Q tratospheric ozone is destroyed by reactions involving reactive halogen gases which are produced in the chemi cal conversion of halogen source gases see Figure Q - PDF document

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Q tratospheric ozone is destroyed by reactions involving reactive halogen gases which are produced in the chemi cal conversion of halogen source gases see Figure Q

24 tratospheric ozone is destroyed by reactions involving reactive halogen gases which are produced in the chemi cal conversion of halogen source gases see Figure Q81 57374e most reactive of

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Q tratospheric ozone is destroyed by reactions involving reactive halogen gases which are produced in the chemi cal conversion of halogen source gases see Figure Q






Presentation on theme: "Q tratospheric ozone is destroyed by reactions involving reactive halogen gases which are produced in the chemi cal conversion of halogen source gases see Figure Q"— Presentation transcript:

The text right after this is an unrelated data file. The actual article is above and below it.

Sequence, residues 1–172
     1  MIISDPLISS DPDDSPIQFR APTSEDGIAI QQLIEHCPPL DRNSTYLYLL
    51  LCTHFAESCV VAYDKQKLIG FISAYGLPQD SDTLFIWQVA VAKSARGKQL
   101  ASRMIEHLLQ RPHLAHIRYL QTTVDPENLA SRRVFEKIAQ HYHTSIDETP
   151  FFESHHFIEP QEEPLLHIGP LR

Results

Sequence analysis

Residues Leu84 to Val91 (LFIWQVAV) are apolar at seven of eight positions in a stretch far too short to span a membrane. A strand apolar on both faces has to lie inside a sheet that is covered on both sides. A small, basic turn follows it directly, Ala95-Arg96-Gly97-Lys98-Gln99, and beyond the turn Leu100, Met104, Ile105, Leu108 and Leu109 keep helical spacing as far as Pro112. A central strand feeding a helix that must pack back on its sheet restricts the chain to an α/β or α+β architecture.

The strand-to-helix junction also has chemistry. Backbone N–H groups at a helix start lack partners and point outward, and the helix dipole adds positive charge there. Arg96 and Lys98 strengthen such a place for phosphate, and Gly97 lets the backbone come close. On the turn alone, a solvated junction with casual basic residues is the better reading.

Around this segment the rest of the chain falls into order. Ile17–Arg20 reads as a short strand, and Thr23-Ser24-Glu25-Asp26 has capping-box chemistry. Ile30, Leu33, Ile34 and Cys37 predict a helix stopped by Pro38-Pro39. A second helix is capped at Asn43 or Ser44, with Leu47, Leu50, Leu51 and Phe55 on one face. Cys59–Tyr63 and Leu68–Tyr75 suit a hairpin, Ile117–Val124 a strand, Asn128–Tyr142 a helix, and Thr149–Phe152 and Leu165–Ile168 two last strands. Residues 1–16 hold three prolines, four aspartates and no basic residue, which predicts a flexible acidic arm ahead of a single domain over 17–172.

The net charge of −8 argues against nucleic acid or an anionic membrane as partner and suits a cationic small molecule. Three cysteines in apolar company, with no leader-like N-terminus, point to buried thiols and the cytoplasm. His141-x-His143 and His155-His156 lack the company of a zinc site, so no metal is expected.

Q.24 S tratospheric ozone is destroyed by reactions involving reactive halogen gases , which are produced in the chemi - cal conversion of halogen source gases (see Figure Q8-1). e most reactive of these gases are chlorine monoxide (ClO), bro - mine monoxide (BrO), and chlorine and bromine atoms (Cl and Br). ese gases participate in three principal reaction cycles that destroy ozone. Cycle 1. Ozone destruction Cycle 1 is illustrated in Figure Q9-1. e cycle is made up of two basic reactions: Cl + O 3 and ClO + O. e net result of Cycle 1 is to convert one ozone molecule and one oxygen atom into two oxygen molecules. In each cycle, chlorine acts as a catalyst because ClO and Cl react and are re-formed. In this way, one Cl atom participates in many cycles, destroying many ozone molecules. For typical stratospheric conditions at middle or low latitudes, a single chlorine atom can destroy hundreds of ozone molecules before it happens to react with another gas, breaking the cata - lytic cycle, and up to tens of thousands of ozone molecules during the total time of its stay in the stratosphere. Polar Cycles 2 and 3. e abundance of ClO is greatly increased in polar regions during winter as a result of reac - tions on the surfaces of polar stratospheric clouds (PSCs) (see Q8 and Q10). Cycles 2 and 3 (see Figure Q9-2) become the dominant reaction mechanisms for polar ozone loss because of the high abundances of ClO and the relatively low abundance of atomic oxygen (which limits the rate of ozone loss by Cycle 1). Cycle 2 begins with the self-reaction of ClO. Cycle 3, which begins with the reaction of ClO with BrO, has two reaction pathways to produce either Cl and Br or BrCl. e net result of both cycles is to destroy two ozone molecules and create three oxygen molecules. Cycles 2 and 3 account for most of the ozone loss observed in the Arctic and Antarctic stratospheres Reactive gases containing chlorine and bromine destroy stratospheric ozone in “catalytic” cycles made up of two or more separate reactions. As a result, a single chlorine or bromine atom can destroy many thousands of ozone molecules before it leaves the stratosphere. In this way, a small amount of reactive chlorine or bromine has a large impact on the ozone layer. A special situation develops in polar regions in the late winter/early spring season where large enhancements in the abun - dance of the most reactive gas, chlorine monoxide, leads to severe ozone depletion. What are the chlorine and bromine reactions that destroy stratospheric ozone? Q9 20 Questions: 2010 UpdateSection II: THE OZONE DEPLETION PROCESS Figure Q9-1. Ozone destruction Cycle 1. The destruction of ozone in Cycle 1 involves two sepa - rate chemical reactions. The net or overall reaction is that of atomic oxygen with ozone, forming two oxygen molecules. The cycle can be considered to begin with either ClO or Cl. When starting with ClO, the rst reaction is ClO with O to form Cl. Then, Cl reacts with ozone and re-forms ClO, consum - ing ozone in the process. The cycle then begins again with another reaction of ClO with O. Chlo - rine is considered a catalyst for ozone destruction because Cl and ClO are re-formed each time the reaction cycle is completed, and ozone is simply removed. Atomic oxygen (O) is formed when solar ultraviolet radiation (sunlight) reacts with ozone and oxygen molecules. Cycle 1 is most important in the stratosphere at tropical and middle latitudes, where solar ultraviolet radiation is most intense. Cl Cl Cl Cl Ozone Destruction Cycle 1Chlor ine atom (Cl) Oz one (O 3 ) Oz one destr uction Chlor ine mono xide (ClO) ChlorinecatalyticcycleOxygen molecule (O 2 ) Oxygen atom (O) ClO + O reaction Cl + O 3 reaction Net: O + 3 2 O Oxygen molecule (O 2 ) ClO + O Cl + 2 Cl + 3 ClO + 2 Q.25 Section II: THE OZONE DEPLETION PROCESS20 Questions: 2010 Update What are the chlorine and bromine reactions that destroy stratospheric ozone? Figure Q9-2. Polar ozone destruction Cycles 2 and 3. Signicant destruction of ozone occurs in polar regions because ClO abundances reach large values. In this case, the cycles initiated by the reaction of ClO with another ClO (Cycle 2) or the reaction of ClO with BrO (Cycle 3) eciently destroy ozone. The net reaction in both cases is two ozone molecules forming three oxygen molecules. The reaction of ClO with BrO has two pathways to form the Cl and Br product gases. Ozone destruc - tion Cycles 2 and 3 are catalytic, as illustrated for Cycle 1 in Figure Q9-1, because chlorine and bromine gases react and are re-formed each time the reaction cycle is completed. Visible sunlight is required to complete each cycle and to help form and maintain ClO abundances. During polar night and other periods of darkness, ozone cannot be destroyed by these reactions. in the late winter/early spring season (see Q11 and Q12). At high ClO abundances, the rate of polar ozone destruction can reach 2 to 3% per day in late winter/early spring. Sunlight requirement. Sunlight is required to complete and maintain Cycles 1 through 3. Cycle 1 requires sunlight because atomic oxygen is formed only with solar ultraviolet radiation. Cycle 1 is most important in the stratosphere at tropical and middle latitudes, where solar ultraviolet radia - tion (sunlight) is most intense. Cycles 2 and 3 require visible sunlight to complete the reaction cycles and to maintain ClO abundances. In the con - tinuous darkness of winter in the polar stratosphere, reaction Cycles 2 and 3 cannot occur. It is only in late winter/early spring when sunlight returns to the polar regions that these cycles can occur. erefore, the greatest destruction of ozone occurs in the partially to fully sunlit periods aer midwin - ter in the polar stratosphere. e visible sunlight needed in Cycles 2 and 3 is not sucient to form ozone because this process requires solar ultraviolet radiation (see Q1). In the stratosphere in the late winter/early spring period, solar ultra - violet radiation is weak at low Sun angles. As a result, ozone destruction by Cycles 2 and 3 in the sunlit winter stratosphere greatly exceeds ozone production. Other reactions. Global ozone abundances are controlled by many reactions that both produce and destroy ozone (see Q2). Chlorine and bromine catalytic reactions are but one group of ozone destruction reactions. Reactive hydrogen and reactive nitrogen gases, for example, are involved in other cat - alytic ozone-destruction cycles that also occur in the strato - sphere. ese reactions occur naturally in the stratosphere and their importance has not been as strongly inuenced by human activities as have reactions involving halogens. e sources of reactive hydrogen and nitrogen gases are the naturally occurring gases methane (CH 4 ) and nitrous oxide (N 2 O), respectively. e importance of reactive hydrogen and nitrogen gases relative to reactive halogen gases is expected to increase in the future, because the atmospheric abundances of the reactive halogen gases are decreasing as a result of the Montreal Protocol, while CH 4 and N 2 O abundances are pro - jected to increase substantially due to human activities. ClOClO(ClO2 + sunlight ClO2(Cl + 3 Net: 2 O3 Cycle (ClO2ClOO + ClCl + 2ClO + 2)3 O2 ClO BrO Cl + Br + 2BrCl + sunlight Cl + BrNet: 2 O3 3 O2ClOBrO BrCl + 2Cl + 3 ClO + 2Br + 3 BrO + O2Cycle )or( ClOClO(ClO2 + sunlight ClO2(Cl + 3 Net: 2 O3 Cycle (ClO2ClOO + ClCl + 2ClO + 2)3 O2 ClO BrO Cl + Br + 2BrCl + sunlight Cl + Br Net: 2 O3 3 O2ClOBrO BrCl + 2Cl + 3 ClO + 2Br + 3 BrO + O2 Cycle )or ( Ozone Destruction Cycles in Polar Regions Q.26 20 Questions: 2010 UpdateSection II: THE OZONE DEPLETION PROCESS Replacing Lost Ozone in the Stratosphere The idea is sometimes put forth that humans could compensate for lost global stratospheric ozone by replacing it. Ozone could be manufactured, stored, transported to the stratosphere, and released in depleted regions. Unfortunately, the idea has substantial practical limitations. Ozone amounts in the stratosphere reect a continual balance between chemical production and destruction (see Q2). The addition of chlorine and bromine to the stratosphere from human activities has changed the natural balance by increas - ing ozone destruction and, thereby, lowering stratospheric ozone amounts. Chlorine and bromine destroy ozone in cata - lytic reactions that allow each atom to destroy many thousands of ozone molecules (see Q9). A one-time injection of manu - factured ozone to the stratosphere would not restore the natural balance because the added ozone would be destroyed in the same chemical reactions with chlorine and bromine within about a year. Thus, ozone additions would need to be large and continuous as long as stratospheric chlorine and bromine amounts remained enhanced above natural amounts, a con - dition expected to persist for several decades (see Q16). Continuous replacement for decades would pose unprecedented technical and resource challenges that will likely be unacceptable to decision makers in the international community. Specic technical diculties in replacing stratospheric ozone are the large amounts of ozone required and the delivery method. The total amount of atmospheric ozone is approximately 3,000 megatons (1 megaton = 1 billion kilograms) with most residing in the stratosphere. Compensating for the average global ozone loss, currently about 3%, would require 90 megatons of ozone to be distributed regularly throughout the stratosphere many kilometers above Earth’s surface. The energy required to produce this amount of ozone would be a signicant fraction of the electrical power generated annually in the United States, for example, which is now approximately 4 trillion kilowatt hours. Processing and storing requirements for ozone, which is explosive and toxic in large quantities, would increase the energy requirement. In addition, methods suitable to deliver and distribute large amounts of ozone to the stratosphere have not been developed. Concerns for a global delivery system would include further signicant energy use and unforeseen environmental consequences.